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Gone with the Wind

Margaret Mitchell


Full-Book Quiz

Full-Book Quiz

Full-Book Quiz

Full-Book Quiz

1. How many children does Scarlett have?

2. Why does Archie oppose Scarlett’s plan to lease convicts?

3. Why does Scarlett stay with Melanie when Atlanta is under attack?

4. Who saves Scarlett from the attack in Shantytown?

5. How does Gerald die?

6. How old is Scarlett at the beginning of the novel?

7. Who is Scarlett’s second husband?

8. What phrase does Scarlett repeat to herself in difficult times?

9. Who delivers Melanie’s child?

10. How does Rhett make money during the war?

11. Who tries to buy Tara from Scarlett?

12. Who catches Scarlett and Ashley embracing?

13. What, according to Ashley, does Scarlett love more than she loves him?

14. Where does Scarlett plan to go at the end of the novel?

15. Who testifies on behalf of the Klansmen after Frank is killed?

16. How does Bonnie die?

17. Why does Ashley refuse to marry Scarlett?

18. Why does Scarlett slap Prissy?

19. Who gives Bonnie her nickname?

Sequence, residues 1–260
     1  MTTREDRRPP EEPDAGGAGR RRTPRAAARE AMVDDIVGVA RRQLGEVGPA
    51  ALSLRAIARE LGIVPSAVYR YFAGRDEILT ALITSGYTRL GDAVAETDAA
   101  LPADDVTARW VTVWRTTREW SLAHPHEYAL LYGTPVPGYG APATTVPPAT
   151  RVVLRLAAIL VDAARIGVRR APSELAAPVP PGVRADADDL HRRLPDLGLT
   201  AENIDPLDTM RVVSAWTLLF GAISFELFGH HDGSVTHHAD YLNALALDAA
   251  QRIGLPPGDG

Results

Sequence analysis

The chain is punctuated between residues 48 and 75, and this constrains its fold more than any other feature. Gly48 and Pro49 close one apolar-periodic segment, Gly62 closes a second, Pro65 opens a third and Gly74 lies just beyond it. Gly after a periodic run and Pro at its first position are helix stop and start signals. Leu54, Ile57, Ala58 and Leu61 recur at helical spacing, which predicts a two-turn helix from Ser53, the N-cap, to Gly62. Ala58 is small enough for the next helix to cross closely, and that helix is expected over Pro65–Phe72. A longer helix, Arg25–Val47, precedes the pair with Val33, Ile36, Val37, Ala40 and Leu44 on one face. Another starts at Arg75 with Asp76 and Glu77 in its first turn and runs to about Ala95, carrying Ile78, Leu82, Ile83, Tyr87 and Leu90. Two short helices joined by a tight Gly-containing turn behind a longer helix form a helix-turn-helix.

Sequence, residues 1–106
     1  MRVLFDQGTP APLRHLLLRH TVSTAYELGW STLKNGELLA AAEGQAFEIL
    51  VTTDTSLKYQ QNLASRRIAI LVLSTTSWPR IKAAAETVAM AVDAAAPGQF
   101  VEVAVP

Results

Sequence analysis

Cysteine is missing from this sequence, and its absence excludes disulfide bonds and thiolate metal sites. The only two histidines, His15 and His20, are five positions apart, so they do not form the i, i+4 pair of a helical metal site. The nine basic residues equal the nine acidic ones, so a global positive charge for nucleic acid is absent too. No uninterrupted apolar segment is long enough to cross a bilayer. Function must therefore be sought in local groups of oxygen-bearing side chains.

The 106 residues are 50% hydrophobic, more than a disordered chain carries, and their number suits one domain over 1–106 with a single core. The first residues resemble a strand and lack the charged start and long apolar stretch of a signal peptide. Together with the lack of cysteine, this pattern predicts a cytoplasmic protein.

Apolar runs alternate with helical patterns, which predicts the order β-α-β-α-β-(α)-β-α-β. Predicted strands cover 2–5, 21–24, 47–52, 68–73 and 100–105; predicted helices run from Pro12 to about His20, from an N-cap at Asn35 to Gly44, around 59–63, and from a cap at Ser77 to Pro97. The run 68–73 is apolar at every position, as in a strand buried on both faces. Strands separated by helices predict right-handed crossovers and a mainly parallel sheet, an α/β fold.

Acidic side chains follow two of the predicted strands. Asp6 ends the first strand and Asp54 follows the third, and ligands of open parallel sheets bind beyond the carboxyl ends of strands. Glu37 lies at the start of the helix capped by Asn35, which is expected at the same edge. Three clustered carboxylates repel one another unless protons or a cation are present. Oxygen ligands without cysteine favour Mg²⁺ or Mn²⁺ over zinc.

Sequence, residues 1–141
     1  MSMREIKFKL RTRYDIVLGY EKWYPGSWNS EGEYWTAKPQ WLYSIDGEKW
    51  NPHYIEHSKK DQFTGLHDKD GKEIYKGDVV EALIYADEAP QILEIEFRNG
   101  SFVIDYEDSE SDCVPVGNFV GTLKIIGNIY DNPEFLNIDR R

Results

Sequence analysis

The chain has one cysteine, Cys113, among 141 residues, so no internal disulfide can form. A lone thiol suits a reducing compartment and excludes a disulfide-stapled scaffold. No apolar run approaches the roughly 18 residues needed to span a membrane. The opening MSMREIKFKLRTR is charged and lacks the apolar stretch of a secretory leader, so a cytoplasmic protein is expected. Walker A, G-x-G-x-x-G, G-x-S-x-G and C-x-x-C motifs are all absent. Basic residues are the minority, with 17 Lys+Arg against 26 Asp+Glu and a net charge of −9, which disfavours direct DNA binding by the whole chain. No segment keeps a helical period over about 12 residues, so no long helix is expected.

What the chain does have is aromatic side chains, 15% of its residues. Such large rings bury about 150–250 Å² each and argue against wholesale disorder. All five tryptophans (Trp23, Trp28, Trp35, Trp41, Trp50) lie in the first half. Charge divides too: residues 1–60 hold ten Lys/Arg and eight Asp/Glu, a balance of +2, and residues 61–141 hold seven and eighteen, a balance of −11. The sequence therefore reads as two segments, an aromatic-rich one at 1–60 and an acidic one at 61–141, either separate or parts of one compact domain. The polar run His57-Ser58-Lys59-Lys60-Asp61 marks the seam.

20. According to Old Miss Fontaine, what is the secret to life?

21. Why does Rhett abandon Scarlett and Melanie outside Atlanta?

22. Why is Rhett put in jail?

23. Where does Rhett usually spend time after he fights with Scarlett?

24. Why does Scarlett have a miscarriage?

25. What is the final line of the novel?

More Help

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by SymbolicAsphodel, July 01, 2014

Poor Ashley. He never quite fit in with the Old Guard, even though he embodied the traits they valued. It was a hard fall from Scarlett's pedestal.

Dissent with Analysis

by mdd07c, August 18, 2014

"but as the novel ends she still has not reflected on her actions or learned from her wrongdoing. In some ways, she has not progressed at all."

She makes the most significant revelation in the whole novel, that she loves Rhett and was only in love with Ashley superficially, and that is not considered learning or reflecting? What more does she need to reflect on with regard to her actions?

Prissy as Heroine

by dannyjane, October 07, 2014

It might seem ridiculous to classify the stereotypically ignorant and silly Prissy as a heroine, but if you shift the point of view from that of the priveleged upper class to the horribly oppressed slave population a different picture presents itself. Prissy has lived with her mother Dilcey all her life, following her mother's path as a servant but not midwife. Dilcey does not permit Prissy to observe a birth because Prissy is regarded as lazy, shiftless, stupid and untruthful. This is deeply frustrating to her owners as well as her mother


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